(Marie Lambert)– Spring Break: the college equivalent to high school prom in its exaggerated and inflated importance in the media. Spring Break is the cinematic highlight of the college year—a mythological bacchanal of binge drinking and bikinis that entices freshmen and terrifies their parents.
Although I hope that such an experience is not as universal as Hollywood makes it out to be, I will never know for sure. My Spring Break this week will be identical to last year’s—and very possibly the next two years as well. Oh beloved crew team, how good you are at sucking up all of my free time. The furthest I will travel this week is the six miles to the Connecticut River; the only bit of skin that will see the sun this week is the part of my face which I can’t cover with spandex; the wildest thing I will do this week is eat twice my body weight after two three-hour daily practices (yes, that’s six hours every day). In case you weren’t aware, this is a lot of rowing, and I won’t lie—it’s exhausting. But there is an odd fun to the week that makes it bearable despite the 30-degree temperatures and constant shortage of food to eat.
I can’t remember the last time I’ve been so single-mindedly focused on one area of my life with no other distractions. For the next five days, my life will follow a simple schedule: wake up, row boats, eat food, watch TV, row boats, eat food, sleep, wake up, etc. While I have some friends still on campus for the week, the people I am spending most of my time with are my fellow rowers. They say that nothing brings people together like shared suffering, and as far as I have experienced mild physical suffering, this appears to be true. This week is a rare chance, in particular, for me to get to know the novice (freshmen) on the team. Their relative innocence with regards to both rowing and Amherst life is amusing, and they take me back to the wide-eyed not-so-long-ago that was last year. Oh you’re trying to get singles in Mo Pratt next year? Good luck with that, kids.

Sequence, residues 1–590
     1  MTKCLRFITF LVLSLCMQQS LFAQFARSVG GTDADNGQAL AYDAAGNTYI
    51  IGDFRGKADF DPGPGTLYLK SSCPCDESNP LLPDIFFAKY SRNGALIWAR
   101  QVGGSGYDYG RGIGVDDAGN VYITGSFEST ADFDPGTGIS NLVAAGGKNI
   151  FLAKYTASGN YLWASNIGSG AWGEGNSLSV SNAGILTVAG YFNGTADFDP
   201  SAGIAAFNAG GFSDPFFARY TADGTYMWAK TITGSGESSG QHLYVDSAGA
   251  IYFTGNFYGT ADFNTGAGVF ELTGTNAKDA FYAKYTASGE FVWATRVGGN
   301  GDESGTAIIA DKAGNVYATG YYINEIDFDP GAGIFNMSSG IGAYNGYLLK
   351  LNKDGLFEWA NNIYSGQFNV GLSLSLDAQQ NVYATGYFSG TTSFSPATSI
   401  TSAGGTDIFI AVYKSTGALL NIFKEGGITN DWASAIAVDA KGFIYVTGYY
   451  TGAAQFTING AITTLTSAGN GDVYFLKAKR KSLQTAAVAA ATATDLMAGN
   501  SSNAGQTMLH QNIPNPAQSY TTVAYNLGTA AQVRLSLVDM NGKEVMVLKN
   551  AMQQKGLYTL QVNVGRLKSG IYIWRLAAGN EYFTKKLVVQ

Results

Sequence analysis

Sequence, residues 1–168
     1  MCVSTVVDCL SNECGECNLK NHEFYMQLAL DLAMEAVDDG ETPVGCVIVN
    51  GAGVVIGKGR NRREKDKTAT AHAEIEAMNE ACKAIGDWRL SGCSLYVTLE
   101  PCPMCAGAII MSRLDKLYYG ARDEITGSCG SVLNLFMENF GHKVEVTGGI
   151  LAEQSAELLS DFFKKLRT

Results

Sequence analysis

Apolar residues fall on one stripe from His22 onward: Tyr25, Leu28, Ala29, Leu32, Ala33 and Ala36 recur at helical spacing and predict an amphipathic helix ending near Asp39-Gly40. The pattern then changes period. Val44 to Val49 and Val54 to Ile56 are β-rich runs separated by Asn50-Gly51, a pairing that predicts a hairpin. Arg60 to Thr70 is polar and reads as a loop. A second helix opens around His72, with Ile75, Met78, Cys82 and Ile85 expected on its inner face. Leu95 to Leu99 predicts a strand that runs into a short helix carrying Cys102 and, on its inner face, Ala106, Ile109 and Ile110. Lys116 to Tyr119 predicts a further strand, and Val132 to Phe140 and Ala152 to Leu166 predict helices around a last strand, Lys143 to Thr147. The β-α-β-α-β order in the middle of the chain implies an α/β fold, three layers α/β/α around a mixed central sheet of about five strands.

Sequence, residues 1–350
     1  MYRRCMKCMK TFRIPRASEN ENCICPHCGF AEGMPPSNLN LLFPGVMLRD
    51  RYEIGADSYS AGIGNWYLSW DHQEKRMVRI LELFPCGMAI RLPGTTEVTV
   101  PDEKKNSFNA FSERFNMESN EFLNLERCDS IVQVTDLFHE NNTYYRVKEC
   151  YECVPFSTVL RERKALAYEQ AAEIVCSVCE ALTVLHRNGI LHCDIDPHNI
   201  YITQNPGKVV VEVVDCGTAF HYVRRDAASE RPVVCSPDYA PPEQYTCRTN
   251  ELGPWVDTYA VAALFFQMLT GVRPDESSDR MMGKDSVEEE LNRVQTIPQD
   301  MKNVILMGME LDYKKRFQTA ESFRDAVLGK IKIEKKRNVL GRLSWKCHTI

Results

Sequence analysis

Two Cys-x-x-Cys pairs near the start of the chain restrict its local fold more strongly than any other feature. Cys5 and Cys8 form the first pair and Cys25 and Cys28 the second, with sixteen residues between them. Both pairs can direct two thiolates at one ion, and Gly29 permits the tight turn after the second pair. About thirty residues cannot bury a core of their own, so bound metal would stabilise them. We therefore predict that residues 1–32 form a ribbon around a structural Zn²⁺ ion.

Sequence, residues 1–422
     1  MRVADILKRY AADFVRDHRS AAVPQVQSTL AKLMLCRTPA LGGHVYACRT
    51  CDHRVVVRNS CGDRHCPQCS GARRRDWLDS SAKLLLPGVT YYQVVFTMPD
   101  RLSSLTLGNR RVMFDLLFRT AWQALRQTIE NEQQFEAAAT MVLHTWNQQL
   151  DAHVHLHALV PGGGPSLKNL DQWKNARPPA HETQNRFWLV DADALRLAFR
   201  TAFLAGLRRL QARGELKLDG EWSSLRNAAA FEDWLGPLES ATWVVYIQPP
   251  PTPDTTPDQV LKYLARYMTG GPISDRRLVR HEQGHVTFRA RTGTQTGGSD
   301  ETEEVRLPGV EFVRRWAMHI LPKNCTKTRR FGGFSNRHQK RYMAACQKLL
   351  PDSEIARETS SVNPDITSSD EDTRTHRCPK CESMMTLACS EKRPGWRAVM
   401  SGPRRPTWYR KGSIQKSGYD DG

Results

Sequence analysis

As for the work itself, its repetitiveness and exhaustive monotony is refreshing in its own way. The semester up to this point has been a frantic balancing act of classwork, internship applications, maintaining friendships, writer’s block, and working out. For one week, if not completely relax, I can at least trim down my commitments to crew alone—for the most part. I do have some work over break, and I know I could finish some applications in my free time, but primarily my focus will be on perfecting the art of rowing boats as fast as possible. There is a satisfaction in fatigue that is caused by physical exertion alone, as opposed to the usual sleep-deprivation and mental exhaustion of the rest of the semester.
While I watch the morning sun burn away the frost on the river, it’s easy to forget that there are papers to write, readings to be done, emails to send. It’s easy to forget that there are taxes to be filed, financial aid to be renewed, and the world of busy adults to be rejoined, eventually. For at least a week, I can live in a world where nothing matters but the way my oar flows through the water; this is all the break I need. MTV, you can keep your beer funneling contests and gratuitous nudity—I’ll stick with my blisters and hand warmers.